What was advertised in a colonial American newspaper 250 years ago today?
“Will engage to cut any Quantity of Live Oak and Cedar Ship Timbers.”
Printers did not organize or classify advertisements in eighteenth-century newspapers. Instead, advertisements placed for various purposes appeared indiscriminately next to each other and above and below each other. Readers could not consult a particular portion of the advertisements in the newspaper to find notices of interest, such as consumer goods for sale or real estate or legal notices. Instead, they had to peruse all of the advertisements throughout the entire issue to determine if any contained the kind of information they sought.
That may have been just as well when it came to the advertisement John Morel placed in the May 2, 1770, edition of the Georgia Gazette. His lengthy advertisement defied classification. In it, he aimed to achieve five different goals. On Ossabaw Island, one of Georgia largest barrier islands, he offered several commodities for sale, including “Exceeding good barreled Beef,” “Myrtle-wax and Tallow Candles plain and fluted,” and “Hard Soap of the best kind.” He had a different and more extensive array of goods to sell in Savannah, such as “an Assortment of Hinges and Locks,” “some neat Mens, Womens, and Youths Shoes and Hose,” and “some Sets of Dutch Tile.” In the third portion of his advertisement, Morel encouraged prospective customers to place their orders for “any Quantity of Live Oak and Cedar Ship Timbers.” He would cut them to “any shape and size required” and deliver them on Ossabaw Island. In addition to these various consumer goods and commodities Morel also had “Part of a Tract of Land known by the name of Bewlie” for sale. He described various aspects of the property, noting that it was “well stored with live oak and other valuable timber.” Finally, Morel called on “all of those indebted to him” to settle accounts. He did not threaten legal action as some colonists tended to do when they placed such notice.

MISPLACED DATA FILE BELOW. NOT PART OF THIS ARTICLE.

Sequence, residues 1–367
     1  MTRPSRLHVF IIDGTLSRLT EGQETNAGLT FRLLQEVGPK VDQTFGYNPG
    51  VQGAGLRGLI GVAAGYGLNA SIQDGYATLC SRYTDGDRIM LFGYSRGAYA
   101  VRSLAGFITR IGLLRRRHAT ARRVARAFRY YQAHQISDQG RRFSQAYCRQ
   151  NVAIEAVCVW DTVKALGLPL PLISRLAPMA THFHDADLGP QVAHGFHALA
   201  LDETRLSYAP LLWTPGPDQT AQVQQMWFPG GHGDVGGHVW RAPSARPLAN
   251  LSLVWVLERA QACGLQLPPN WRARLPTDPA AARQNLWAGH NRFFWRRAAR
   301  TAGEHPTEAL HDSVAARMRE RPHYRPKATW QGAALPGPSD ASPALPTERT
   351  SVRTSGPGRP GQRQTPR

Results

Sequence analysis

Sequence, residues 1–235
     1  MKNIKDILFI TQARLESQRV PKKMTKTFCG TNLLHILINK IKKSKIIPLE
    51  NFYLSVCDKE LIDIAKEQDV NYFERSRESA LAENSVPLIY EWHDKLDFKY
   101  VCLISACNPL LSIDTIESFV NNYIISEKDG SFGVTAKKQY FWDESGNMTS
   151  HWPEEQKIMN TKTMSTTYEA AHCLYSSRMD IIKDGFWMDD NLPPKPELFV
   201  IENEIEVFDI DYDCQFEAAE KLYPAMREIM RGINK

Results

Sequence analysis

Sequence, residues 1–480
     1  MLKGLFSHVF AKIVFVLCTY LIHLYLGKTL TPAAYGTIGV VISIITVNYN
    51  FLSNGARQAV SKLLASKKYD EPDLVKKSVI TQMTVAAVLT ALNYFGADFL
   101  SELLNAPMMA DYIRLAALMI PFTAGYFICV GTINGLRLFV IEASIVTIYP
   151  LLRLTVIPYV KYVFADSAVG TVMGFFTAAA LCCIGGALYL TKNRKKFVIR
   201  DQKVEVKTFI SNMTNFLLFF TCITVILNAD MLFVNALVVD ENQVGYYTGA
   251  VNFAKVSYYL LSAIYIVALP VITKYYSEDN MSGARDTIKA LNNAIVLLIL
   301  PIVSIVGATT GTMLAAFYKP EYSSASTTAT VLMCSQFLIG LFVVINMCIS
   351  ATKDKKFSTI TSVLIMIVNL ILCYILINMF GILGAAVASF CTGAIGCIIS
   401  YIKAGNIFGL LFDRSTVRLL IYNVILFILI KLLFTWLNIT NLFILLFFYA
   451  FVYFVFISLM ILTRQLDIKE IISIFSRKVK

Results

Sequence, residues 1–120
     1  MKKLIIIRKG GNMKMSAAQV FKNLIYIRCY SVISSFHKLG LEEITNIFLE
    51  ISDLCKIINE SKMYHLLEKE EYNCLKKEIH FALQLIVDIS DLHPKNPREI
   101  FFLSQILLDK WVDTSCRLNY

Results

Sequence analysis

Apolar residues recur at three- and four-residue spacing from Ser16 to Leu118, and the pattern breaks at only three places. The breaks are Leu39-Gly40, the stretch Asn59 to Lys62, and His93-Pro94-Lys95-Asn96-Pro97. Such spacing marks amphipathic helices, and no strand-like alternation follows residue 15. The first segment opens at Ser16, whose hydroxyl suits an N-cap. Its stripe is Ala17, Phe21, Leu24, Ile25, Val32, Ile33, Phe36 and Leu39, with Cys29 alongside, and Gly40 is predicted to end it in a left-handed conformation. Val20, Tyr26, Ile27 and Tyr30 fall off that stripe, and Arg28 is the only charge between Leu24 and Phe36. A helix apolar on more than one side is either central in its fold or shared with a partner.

Not only did readers of the Georgia Gazette have to examine all of the advertisements to determine which interested them, they also had to scrutinize the various segments of Morel’s advertisement to ascertain what it actually contained. If the printer had required advertisers to place classified notices that fit within specific categories, Morel would have needed to divide his lengthy advertisement into several shorter notices.